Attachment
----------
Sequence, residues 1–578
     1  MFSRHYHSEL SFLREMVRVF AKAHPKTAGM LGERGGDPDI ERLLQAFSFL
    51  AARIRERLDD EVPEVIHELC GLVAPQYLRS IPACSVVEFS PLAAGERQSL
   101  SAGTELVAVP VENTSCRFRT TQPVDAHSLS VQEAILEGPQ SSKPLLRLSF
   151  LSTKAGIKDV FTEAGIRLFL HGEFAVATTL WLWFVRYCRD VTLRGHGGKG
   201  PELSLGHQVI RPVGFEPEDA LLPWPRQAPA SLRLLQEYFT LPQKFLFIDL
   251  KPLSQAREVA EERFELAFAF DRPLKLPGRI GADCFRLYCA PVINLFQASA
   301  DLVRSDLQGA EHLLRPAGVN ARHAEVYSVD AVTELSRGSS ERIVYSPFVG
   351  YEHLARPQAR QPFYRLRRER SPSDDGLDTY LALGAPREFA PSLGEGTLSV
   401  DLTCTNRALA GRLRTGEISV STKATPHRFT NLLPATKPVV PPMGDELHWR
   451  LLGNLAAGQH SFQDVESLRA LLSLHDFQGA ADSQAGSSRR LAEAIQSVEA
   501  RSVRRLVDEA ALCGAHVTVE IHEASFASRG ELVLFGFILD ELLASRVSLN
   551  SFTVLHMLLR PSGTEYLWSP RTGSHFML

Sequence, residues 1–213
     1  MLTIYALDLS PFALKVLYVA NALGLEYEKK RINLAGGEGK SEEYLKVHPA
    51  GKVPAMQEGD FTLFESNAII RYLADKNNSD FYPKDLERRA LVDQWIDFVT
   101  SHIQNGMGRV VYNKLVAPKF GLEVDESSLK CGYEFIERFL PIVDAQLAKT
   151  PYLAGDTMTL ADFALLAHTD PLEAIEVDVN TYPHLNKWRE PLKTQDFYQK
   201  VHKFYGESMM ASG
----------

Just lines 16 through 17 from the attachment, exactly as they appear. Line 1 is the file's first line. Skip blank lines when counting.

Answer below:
    51  GKVPAMQEGD FTLFESNAII RYLADKNNSD FYPKDLERRA LVDQWIDFVT
   101  SHIQNGMGRV VYNKLVAPKF GLEVDESSLK CGYEFIERFL PIVDAQLAKT